Review: The Three Stooges

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Three Stooges

There's a lot you can say about Bobby and Peter Farrelly, aka the Farrelly brothers. Among all of the things you can say about them, one thing you certainly can't say is that their movies are lazy. Though their last few films have lacked in quality, they have been full on heart and and they've certainly stuck to the formula that gave them some early success. It's a shame that early success hasn't been more consistent as of late and their homage to some classic comedians, The Three Stooges fits more along their mold as of late than it does their earlier films.

It opens with a flashback, the way a lot of Farrelly brothers films do, at an orphanage run by nuns. There are children happily playing until Sister Mary-Mengele (played amazingly by Larry David) ruins their song-and-dance routine. What seems like a normal day is disrupted by a speeding car that drops off a bag with three bundles of joy by the names of Larry, Curly and Moe. At first everyone in the orphanage can't wait to hold the three adorable babies, but soon the tide turns and the three boys are the bane of the orphanage's existence. One day a couple comes and adopts Moe, but since he's not adopted with his two friends he chooses to stay.

Years later, when they're adults, they learn that the orphanage is in a massive debt and must be shut down unless $830,000 can be raised. The boys are determined to raise the money and off they go on an adventure to try to save the orphanage they've called home since they were babies.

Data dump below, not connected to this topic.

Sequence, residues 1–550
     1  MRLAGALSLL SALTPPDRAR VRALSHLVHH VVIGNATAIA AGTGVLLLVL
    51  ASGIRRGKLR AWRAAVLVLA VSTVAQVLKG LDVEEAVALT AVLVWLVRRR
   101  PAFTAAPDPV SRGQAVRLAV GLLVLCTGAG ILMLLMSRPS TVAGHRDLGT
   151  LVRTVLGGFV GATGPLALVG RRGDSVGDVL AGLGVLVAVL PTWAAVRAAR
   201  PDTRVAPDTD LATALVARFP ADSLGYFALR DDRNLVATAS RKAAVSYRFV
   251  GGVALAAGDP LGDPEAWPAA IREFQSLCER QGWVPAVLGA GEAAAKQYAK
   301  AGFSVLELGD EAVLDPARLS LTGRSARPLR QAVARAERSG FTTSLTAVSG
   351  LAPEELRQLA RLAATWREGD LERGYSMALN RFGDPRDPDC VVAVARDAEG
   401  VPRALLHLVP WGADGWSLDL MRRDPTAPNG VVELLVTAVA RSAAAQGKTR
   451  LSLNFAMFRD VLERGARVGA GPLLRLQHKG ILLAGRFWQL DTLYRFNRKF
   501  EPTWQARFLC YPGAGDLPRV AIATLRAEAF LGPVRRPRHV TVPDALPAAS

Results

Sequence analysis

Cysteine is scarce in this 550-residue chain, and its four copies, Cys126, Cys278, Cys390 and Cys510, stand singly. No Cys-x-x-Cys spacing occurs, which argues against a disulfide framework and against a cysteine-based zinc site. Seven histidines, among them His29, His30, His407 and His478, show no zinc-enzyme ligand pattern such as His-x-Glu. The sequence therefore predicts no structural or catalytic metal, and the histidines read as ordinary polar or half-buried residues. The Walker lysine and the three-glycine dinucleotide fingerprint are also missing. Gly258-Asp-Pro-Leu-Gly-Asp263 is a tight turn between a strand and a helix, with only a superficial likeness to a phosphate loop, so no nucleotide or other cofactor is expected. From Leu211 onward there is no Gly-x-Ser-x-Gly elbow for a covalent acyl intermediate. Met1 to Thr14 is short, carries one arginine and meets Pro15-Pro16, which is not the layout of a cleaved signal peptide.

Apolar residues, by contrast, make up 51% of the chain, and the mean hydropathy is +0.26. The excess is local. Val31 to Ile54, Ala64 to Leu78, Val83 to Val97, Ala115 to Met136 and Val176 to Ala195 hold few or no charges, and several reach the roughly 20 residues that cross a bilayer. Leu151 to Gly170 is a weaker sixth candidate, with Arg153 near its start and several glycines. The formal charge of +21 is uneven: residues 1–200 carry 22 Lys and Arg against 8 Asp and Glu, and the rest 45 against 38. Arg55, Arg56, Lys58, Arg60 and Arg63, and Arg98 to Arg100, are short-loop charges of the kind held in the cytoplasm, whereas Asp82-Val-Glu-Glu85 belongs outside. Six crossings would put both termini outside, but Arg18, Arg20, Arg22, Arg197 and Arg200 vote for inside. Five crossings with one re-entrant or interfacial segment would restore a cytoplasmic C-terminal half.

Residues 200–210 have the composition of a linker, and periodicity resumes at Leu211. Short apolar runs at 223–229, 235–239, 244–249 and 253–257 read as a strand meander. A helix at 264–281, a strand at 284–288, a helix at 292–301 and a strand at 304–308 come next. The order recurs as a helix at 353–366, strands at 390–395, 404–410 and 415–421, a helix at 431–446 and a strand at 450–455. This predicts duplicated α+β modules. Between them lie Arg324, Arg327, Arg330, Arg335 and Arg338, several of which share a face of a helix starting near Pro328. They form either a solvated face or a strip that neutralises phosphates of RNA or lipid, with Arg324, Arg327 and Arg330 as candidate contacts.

At the point when The Three Stooges reveals its cliched plot of the trio saving their home, it's easy to dismiss the film. As bad as that is, it gets worse, believe it or not. The weak story brings in characters with peculiar motivations that are caricatures of the archetypes they represent. This is where the biggest problem with the film lies.

The three actors playing the Stooges (Will Sasso, Sean Hayes and Chris Diamantopoulos) are actually pretty fantastic. They play the part of the Stooges to perfection, especially Diamantopoulos as Moe. Those are the moments when you forget you're watching a Farrelly brothers film and you're halfway convinced you're watching an older Stooges film.

It's the times when The Three Stooges does what so many comedies feel the need to do nowadays that the film loses its momentum. When Sofia Vergara and the Jersey Shore cast gets placated because they're famous celebrities -- this film's attempt at bringing in a bigger audience -- the film gets cheap.

Overall, The Three Stooges was slightly better than expected, but not by much. Fans of the type of humor that the original Stooges brought to the screen will be pleased by the actors brought in to play the legendary troupe. Those who aren't particularly moved by that humor will be lost as viewers during this movie, especially if they also happen to hate  Vergara or Jersey Shore.